Aug 07, 2018
When we are frightened and nervous, someone taking the time to stop and reassure us can make all the difference. Little did Chaize Byers and her family know, they were going to need a reassuring moment after a fracture turned into a need for Chaize to undergo surgery.
We all know that siblings playing together can sometimes turn into bickering. That’s exactly what happened in late June 2017, when 7-year-old Chaize and her sister were playing outside together. They decided to run back inside the house, when her sister started playing a little too rough and Chaize’s arm was smashed between the door and a wall. Soon enough, an afternoon of playing and a little sisterly argument started to become a bigger ordeal.
“There was no doubt that her arm was broken. It had a big dip in the middle, so we immediately took her to the closest hospital,” remembers Chaize’s grandmother, Collette. After X-rays and a temporary splint, the Byers were referred to an orthopaedic surgeon with both of the bones in her arm being fractured.
“At first, we were sent to an orthopaedic surgeon in Troy. Then, I started to do my research and look into different options.” Collette chose to go to Dayton Children’s Hospital instead and took Chaize to see orthopaedic surgeon, Dr. Alvin Jones.
Dr. Jones put Chaize in a special pink cast and she went on her way. After six weeks in the cast, she went to her last appointment to get the cast removed. But the appointment took the family by surprise. Chaize’s arm wasn’t healing properly with just the cast.
“When children fracture a bone, many times, we can treat them in a cast and overtime their bones will heal and remodel or realign naturally as they continue to grow,” says Dr. Jones. “However at times, their fractures can be severely displaced and we have to operate on them to get their bones in a better position for overall long-term function.”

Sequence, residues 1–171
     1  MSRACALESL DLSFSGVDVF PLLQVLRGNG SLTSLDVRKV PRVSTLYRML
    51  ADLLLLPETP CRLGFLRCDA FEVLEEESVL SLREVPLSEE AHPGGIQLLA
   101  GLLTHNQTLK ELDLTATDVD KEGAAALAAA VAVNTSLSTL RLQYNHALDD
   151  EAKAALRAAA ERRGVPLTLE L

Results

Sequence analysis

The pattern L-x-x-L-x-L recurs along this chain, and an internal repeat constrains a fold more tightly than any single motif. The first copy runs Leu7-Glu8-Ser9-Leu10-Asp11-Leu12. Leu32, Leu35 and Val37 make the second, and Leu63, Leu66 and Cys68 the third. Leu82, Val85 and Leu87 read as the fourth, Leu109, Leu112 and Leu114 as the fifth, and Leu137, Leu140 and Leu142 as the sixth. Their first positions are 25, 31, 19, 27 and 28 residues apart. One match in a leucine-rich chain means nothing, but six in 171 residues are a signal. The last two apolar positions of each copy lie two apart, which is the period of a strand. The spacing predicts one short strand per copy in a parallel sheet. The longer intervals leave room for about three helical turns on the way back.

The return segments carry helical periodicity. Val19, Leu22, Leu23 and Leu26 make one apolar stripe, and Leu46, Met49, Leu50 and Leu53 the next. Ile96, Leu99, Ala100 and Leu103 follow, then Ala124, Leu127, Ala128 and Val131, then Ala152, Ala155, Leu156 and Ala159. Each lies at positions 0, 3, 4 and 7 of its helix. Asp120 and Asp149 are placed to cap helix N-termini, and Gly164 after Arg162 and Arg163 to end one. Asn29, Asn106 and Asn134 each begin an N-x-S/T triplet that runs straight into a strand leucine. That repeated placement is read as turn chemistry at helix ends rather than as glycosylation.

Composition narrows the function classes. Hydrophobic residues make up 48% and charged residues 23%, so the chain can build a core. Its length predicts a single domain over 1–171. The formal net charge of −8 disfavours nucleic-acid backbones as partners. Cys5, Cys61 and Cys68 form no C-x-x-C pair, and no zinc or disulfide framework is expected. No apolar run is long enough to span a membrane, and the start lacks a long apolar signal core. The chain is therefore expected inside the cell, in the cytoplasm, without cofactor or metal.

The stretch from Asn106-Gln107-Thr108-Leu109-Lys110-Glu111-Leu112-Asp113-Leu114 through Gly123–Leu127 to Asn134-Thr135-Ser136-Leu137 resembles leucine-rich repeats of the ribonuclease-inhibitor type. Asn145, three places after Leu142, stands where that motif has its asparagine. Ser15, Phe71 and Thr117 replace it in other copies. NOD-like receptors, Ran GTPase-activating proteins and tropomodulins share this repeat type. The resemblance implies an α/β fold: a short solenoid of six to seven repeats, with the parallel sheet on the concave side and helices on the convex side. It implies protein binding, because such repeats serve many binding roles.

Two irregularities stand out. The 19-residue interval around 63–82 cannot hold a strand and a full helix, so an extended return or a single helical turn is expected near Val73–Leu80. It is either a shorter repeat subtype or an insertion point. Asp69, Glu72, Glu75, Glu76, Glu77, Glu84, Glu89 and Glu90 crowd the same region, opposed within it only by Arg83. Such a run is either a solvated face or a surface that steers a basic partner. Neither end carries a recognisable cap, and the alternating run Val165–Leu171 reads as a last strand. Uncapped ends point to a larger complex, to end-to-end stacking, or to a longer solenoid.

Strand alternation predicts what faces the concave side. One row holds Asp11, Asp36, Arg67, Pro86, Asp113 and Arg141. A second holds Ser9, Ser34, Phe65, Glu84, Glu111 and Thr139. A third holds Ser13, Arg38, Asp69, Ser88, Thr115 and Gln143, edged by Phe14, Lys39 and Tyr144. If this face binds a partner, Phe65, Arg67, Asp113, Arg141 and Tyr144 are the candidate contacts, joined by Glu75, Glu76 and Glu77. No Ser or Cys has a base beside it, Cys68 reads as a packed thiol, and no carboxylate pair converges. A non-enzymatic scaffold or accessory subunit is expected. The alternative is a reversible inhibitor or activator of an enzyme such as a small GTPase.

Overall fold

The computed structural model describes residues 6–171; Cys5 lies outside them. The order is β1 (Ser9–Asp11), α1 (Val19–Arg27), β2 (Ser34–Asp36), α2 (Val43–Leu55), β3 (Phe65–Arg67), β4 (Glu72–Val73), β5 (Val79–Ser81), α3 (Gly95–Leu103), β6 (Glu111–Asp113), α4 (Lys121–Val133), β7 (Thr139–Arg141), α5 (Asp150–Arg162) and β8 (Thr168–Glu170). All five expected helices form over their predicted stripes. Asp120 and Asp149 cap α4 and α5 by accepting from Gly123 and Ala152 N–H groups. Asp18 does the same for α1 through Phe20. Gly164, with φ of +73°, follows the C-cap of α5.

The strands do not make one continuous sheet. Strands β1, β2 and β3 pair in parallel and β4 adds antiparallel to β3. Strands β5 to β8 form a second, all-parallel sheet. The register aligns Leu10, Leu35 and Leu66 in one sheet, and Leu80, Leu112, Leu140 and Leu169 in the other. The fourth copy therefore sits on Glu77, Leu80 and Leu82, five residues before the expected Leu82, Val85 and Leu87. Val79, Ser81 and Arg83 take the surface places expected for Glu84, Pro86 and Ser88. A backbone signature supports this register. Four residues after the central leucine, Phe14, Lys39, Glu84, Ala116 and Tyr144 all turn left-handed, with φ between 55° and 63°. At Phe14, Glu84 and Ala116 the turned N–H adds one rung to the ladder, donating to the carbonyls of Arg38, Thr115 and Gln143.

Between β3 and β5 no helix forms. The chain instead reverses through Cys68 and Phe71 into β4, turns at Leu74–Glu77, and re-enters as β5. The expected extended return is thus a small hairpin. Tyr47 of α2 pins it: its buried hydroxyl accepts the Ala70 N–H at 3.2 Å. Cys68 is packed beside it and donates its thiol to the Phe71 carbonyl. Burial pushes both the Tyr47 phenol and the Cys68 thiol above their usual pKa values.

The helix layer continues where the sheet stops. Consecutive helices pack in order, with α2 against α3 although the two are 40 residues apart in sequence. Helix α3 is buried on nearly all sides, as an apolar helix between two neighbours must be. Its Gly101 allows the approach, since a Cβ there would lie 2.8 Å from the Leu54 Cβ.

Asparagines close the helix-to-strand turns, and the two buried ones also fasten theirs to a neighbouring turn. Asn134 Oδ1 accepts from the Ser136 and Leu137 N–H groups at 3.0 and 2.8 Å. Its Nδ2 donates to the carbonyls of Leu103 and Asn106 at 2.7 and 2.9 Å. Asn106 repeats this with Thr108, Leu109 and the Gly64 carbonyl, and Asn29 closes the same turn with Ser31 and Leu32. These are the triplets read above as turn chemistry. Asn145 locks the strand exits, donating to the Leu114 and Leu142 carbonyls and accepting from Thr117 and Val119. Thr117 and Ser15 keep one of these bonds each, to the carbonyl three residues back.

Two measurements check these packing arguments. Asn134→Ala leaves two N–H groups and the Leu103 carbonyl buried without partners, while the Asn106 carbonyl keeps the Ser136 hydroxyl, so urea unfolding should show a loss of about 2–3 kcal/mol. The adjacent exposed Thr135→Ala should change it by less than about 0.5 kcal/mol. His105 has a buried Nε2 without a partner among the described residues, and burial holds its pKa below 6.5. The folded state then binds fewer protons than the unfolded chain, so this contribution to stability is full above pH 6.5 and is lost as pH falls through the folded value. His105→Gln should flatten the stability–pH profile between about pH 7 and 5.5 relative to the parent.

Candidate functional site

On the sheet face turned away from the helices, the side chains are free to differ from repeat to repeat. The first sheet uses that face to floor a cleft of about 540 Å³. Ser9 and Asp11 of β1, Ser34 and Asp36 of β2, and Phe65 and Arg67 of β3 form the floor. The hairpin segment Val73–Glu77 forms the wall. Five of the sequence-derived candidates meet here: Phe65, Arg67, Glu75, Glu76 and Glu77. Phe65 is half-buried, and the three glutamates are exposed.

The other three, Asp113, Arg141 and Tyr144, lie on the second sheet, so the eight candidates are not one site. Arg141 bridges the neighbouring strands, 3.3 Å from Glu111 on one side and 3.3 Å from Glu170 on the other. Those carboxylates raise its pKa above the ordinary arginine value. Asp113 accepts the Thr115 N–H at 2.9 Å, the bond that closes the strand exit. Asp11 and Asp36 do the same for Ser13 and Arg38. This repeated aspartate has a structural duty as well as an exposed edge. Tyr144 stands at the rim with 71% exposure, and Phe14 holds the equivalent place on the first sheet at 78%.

Four days after her last appointment, Chaize sat in a room watching cartoons waiting to go back to surgery. Surgery can be scary for anyone and learning that your surgery has to get pushed back and your wait time has to increase can only escalate nervousness. Chaize was no exception. After learning that another surgery had pushed back her surgery time, she started getting upset and nervous. Luckily, Dr. Jones knew how to ease her nervousness. He came in the room and spent 45 minutes with Chaize to calm her nerves before surgery. They played, talked together and he even brought her a stuffed teddy bear.
“When Dr. Jones came into the room, Chaize asked what took him so long and he said he was eating chocolate. So they named her new teddy bear, ‘Chocolate’. He took the time to reassure her before she went back to surgery. As soon as she saw him, she was ready and not afraid anymore. It made such a huge difference in the way she was feeling.”
Surgery has helped Chaize get back to being her energetic self. She’s back to swimming, riding her bike and is even joining gymnastics this year. If you ask her now, she will tell you that Dr. Jones is ‘her doctor’. In fact, at Chaize’s final appointment after surgery, it was her idea to bring him a card and chocolates - in honor of the teddy bear ‘Chocolate’.
“Dr. Jones and everyone at Dayton Children’s made such a huge difference in our experience. We are so grateful for everyone and how they made us feel.” Collette shares. “We won’t pick any other hospital for our grandkids in the future.”